Windows and doors
To ensure your power and heating are used as efficiently as possible, make sure all your windows and doors are working properly and there are no draughts. This can also prevent mould. Some handles and catches may become stiff during the winter months, so it is important these are maintained and any issues are identified before they become a problem and you can’t shut the door properly.

Cleaning and hygiene
Virus circulation is expected to be high this year, after two years of reduced mixing over winter and Christmas and it is essential that cleaning and hygiene is maintained to keep staff well, keep your organisation running and reduce pressure on the NHS and other key services.

The colder weather also means people are less likely to make use of natural ventilation – opening a window – giving airborne viruses more chance to spread.
Another part of cleaning is keeping buildings free of visible dirt. Wetter weather and fallen leaves mean dirt, mud, leaves etc can be brought into the building and spread, making it look unclean. Wet leaves and water also present a slip hazard.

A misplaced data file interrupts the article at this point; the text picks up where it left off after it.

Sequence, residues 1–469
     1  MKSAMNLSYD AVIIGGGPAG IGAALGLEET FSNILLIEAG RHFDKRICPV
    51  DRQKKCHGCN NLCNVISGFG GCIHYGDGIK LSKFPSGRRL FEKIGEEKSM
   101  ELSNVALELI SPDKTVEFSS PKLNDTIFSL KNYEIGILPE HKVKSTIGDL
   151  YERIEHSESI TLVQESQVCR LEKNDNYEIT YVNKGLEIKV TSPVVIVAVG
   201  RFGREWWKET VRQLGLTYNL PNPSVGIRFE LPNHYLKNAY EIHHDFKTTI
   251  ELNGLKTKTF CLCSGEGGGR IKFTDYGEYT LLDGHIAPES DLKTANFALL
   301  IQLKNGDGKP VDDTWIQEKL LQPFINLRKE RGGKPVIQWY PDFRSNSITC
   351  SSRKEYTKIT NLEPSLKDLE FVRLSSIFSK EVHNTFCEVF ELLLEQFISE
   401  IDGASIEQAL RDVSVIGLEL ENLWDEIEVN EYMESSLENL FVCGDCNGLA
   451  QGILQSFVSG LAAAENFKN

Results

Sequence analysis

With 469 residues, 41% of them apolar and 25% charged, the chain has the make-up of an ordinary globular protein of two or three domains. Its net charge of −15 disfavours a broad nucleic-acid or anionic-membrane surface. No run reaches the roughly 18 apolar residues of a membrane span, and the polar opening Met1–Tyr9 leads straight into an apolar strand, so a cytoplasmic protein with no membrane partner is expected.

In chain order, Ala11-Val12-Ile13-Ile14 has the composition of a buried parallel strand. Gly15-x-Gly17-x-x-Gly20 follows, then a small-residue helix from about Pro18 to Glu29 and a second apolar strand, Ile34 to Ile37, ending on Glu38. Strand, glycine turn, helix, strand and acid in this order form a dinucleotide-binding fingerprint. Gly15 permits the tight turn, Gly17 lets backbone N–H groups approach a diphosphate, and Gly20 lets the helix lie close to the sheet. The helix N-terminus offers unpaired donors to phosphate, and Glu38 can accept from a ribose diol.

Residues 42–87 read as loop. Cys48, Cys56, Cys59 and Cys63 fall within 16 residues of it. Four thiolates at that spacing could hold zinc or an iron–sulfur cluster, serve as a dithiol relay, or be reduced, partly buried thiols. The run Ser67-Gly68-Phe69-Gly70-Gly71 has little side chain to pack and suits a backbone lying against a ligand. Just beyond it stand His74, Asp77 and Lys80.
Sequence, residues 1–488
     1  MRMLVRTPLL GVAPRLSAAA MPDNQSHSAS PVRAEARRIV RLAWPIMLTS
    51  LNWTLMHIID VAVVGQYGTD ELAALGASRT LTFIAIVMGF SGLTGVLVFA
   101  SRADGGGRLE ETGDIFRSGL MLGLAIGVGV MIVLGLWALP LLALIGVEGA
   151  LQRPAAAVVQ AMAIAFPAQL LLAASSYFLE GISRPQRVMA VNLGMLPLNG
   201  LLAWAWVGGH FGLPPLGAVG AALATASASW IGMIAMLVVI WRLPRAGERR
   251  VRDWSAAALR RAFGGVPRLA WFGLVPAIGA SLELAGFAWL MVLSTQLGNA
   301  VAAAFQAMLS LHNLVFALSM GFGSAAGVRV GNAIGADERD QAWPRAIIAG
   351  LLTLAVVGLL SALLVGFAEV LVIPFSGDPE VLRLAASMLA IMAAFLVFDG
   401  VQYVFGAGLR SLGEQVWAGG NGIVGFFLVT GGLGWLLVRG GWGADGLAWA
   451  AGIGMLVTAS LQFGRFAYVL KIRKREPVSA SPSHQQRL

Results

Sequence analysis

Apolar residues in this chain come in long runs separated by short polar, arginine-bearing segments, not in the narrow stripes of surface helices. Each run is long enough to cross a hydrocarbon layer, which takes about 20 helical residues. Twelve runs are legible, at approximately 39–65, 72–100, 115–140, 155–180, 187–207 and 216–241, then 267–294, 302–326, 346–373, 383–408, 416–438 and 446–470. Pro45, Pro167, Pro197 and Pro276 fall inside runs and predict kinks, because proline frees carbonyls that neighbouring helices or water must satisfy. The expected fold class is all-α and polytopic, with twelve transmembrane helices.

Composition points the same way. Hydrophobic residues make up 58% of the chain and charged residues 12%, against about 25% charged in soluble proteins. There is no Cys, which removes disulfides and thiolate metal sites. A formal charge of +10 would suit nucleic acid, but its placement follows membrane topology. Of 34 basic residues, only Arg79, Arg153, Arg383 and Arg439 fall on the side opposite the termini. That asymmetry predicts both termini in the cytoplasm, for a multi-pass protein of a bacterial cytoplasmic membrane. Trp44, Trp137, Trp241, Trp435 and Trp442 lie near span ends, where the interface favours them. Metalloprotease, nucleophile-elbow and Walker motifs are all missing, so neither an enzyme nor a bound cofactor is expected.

The best ways to prevent dirt spreading are a good doormat and regular cleaning.

Though it may not seem obvious or easy, it is critical to check the roof of your building before winter. Roof maintenance is essential to protect against cold and wet weather.
Check for missing, loose or cracked tiles before they get worse and check for leaks. You should also check for pooling water on flat rooves and any signs of damage on ceilings on the inside.

Gutters and drains
Following on from the above, make sure to check your gutters and downpipes for leaks and blockages. Ice and snow can make problems worse and a damaged gutter or downpipe can cause water to get inside the building.
Make sure to clear leaves from drains and the surrounding area to make sure they are not blocking drains ahead of any heavy rain. A blocked drain in a storm can become overwhelmed very quickly and cause access problems as well as flood damage to a property.

Walkways and roads
Fallen leaves can be a slip hazard, so it is important to clear them to ensure your paths and walkways are safe, especially if your facility caters for vulnerable users.
Snow and ice are the biggest issues to face walkways and roads in the winter months. Be prepared for snow clearance and removal and make sure you have a good supply of grit. It is important to grit surfaces before the ice hits.